Setting a facility-wide lifting limit is similar to establishing a single speed limit within a community. As we know, the speed limit varies from neighborhoods and school zones to divided highways and expressways. A single speed limit would simply not be safe for all areas of the community. Likewise, a single lifting limit would not be safe for all material handling tasks.
Rather than assigning a designated lifting limit, facilities should determine the Recommended Weight Limit (RWL) for each material handling task using the revised NIOSH lifting equation. The RWL is the principal output of the equation and is defined for a specific set of task conditions or specific workstation geometry. Additionally, the RWL is the defined as the load weight that nearly all healthy workers could lift over a substantial period of time (e.g., up to 8 hours).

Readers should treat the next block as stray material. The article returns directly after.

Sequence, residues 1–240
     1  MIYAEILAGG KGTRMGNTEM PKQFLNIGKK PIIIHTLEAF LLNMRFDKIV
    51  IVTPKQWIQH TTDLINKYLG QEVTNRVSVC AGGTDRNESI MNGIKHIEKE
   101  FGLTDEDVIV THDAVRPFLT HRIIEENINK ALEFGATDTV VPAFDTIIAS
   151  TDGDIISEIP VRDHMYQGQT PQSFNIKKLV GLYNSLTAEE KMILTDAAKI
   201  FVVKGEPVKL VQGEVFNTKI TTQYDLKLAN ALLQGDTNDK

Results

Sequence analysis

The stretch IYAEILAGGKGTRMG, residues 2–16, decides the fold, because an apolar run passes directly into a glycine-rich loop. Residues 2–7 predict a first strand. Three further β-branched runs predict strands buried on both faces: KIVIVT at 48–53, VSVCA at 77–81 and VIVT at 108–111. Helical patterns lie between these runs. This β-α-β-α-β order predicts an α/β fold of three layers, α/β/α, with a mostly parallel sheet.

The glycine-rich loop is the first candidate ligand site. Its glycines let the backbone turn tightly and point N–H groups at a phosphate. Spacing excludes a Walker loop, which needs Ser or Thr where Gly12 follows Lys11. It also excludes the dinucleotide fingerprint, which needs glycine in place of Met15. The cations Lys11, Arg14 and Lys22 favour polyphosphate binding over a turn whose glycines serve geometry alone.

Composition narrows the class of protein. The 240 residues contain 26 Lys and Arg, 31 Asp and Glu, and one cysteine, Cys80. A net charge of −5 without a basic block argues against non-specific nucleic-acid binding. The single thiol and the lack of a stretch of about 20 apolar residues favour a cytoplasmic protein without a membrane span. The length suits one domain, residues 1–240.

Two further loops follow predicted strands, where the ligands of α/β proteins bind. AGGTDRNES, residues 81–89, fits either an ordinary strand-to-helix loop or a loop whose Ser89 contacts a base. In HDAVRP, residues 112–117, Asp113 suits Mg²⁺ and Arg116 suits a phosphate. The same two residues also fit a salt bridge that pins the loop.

The RWL is calculated using the following six multipliers: horizontal multiplier, vertical multiplier, distance multiplier, asymmetric multiplier, frequency multiplier, and coupling multiplier. Since most of the multipliers are measured at the workstation, the revised NIOSH lifting equation can be used to assess existing workstations or in the design of new workstations.
Put the BREAKS on unsafe lifting limits!